Honestly, I think the most surprising thing to me was also the most surprising to the historian David Olusoga as he began this research. To think that black history in Britain goes back 1800 years is pretty astonishing. To be honest, I haven’t ever really thought about the existence of black people in other countries. It’s probably naive to say, but I’m not very well traveled so I don’t know any better, but I think of black people as living primarily in the United States, the Caribbean, and Africa. I don’t know anything about a major African slave trade happening in Europe or Asia, nor do I know anything about the propensity of African people to emigrate.
1800 years is a long enough period of time to really be incomprehensible in a practical sense. Yes, I know that 1800 years is longer than 1500 years is longer than 1000 years, but any bit of history that is further back than say two or three hundred years is so far removed from me that 1800 years might as well be a million. That being said, I can conceptualize that 1800 years is a long damn time and the fact black people have been in Britain since then without much reported about them since them is a little ridiculous. Fortunately it seems like that is starting to shift. With prominent historians like Olusoga digging up new stuff, and the BBC putting commemorative plaques all over the place, people are sure to start acknowledging the historical significance of black people in Britain.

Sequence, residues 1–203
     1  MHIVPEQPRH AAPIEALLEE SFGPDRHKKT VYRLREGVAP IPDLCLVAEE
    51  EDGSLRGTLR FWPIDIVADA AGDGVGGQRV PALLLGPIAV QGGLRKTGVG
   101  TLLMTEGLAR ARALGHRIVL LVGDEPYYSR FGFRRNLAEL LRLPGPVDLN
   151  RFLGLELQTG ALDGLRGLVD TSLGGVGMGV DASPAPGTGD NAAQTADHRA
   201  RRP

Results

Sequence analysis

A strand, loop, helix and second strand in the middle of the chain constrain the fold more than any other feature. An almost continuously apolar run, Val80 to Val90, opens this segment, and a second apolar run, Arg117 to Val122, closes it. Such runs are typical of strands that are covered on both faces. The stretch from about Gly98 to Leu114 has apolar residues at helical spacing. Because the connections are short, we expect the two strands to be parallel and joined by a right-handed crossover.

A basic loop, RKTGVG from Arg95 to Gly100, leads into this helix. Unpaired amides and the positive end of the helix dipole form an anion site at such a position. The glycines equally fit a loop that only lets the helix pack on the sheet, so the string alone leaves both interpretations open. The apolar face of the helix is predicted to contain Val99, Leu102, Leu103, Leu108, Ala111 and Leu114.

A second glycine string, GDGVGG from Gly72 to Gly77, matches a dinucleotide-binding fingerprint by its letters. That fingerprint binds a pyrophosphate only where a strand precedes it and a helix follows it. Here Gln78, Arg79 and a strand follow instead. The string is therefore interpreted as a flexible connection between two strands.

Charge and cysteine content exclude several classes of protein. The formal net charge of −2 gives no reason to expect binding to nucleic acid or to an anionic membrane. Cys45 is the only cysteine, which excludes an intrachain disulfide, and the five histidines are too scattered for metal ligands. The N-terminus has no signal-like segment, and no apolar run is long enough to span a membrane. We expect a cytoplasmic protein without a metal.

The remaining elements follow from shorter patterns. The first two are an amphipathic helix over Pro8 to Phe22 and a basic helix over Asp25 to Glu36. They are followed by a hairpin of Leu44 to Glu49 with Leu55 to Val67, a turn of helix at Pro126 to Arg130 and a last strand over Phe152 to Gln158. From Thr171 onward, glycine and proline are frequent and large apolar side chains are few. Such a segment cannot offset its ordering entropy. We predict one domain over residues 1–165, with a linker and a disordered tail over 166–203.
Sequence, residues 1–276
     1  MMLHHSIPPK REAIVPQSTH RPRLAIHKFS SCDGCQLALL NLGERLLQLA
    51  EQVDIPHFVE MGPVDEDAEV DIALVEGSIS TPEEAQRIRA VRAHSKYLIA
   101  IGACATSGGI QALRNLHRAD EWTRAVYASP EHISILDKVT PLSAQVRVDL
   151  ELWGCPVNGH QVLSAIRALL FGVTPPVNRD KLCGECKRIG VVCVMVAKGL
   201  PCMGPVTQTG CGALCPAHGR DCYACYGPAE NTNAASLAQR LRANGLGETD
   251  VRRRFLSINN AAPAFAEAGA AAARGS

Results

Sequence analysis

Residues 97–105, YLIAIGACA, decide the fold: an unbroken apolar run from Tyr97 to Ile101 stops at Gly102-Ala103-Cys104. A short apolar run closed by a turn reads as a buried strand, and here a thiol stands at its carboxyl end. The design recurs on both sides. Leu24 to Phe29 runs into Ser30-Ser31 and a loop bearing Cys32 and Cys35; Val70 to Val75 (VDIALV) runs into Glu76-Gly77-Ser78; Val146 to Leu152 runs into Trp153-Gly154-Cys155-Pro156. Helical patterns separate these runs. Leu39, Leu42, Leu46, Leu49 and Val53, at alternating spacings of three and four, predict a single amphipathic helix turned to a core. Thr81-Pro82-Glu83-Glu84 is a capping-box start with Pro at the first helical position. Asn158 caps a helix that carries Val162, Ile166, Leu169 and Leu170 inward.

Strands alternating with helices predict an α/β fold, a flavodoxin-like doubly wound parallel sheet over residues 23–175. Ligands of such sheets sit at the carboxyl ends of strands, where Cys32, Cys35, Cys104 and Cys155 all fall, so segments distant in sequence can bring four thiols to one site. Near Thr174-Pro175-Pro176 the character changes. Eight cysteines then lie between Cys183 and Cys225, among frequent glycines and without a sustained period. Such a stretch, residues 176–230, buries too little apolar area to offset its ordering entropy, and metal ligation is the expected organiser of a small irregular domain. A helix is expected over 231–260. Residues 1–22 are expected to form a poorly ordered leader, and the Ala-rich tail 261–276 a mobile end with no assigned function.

It’s hard to say what implications this sort of research may have in the United States. Obviously, our situation is different. We are very aware of the role that black people have played in our history. Our past has some ugly spots, but we would do well not to ignore them. Some people argue that monetary reparations need to be made to the descendants of slaves. Personally, I think that’s a tall order. It’s a nice idea, but not realistic.
The Gilroy reading is an interesting one. I highlighted a few passages as I was going through it, but there was one small, somewhat unremarkable sentence that caught my attention. On page 46, Gilroy mentions that “the word ‘immigrant’ became synonymous with the word ‘black’ in the 1970s”. This brought to mind our current state of immigration here in the United States. Immigrant has become synonymous with Mexican, which is then almost made synonymous with criminal. Knowing what I know now after watch the BBC episode, it’s asinine that black could ever be synonymous with immigrant in Britain. Their history stretches back just as far as anyone else’s.
Gilroy, Paul. There Ain’t No Black in the Union Jack. Taylor and Francis, 2013.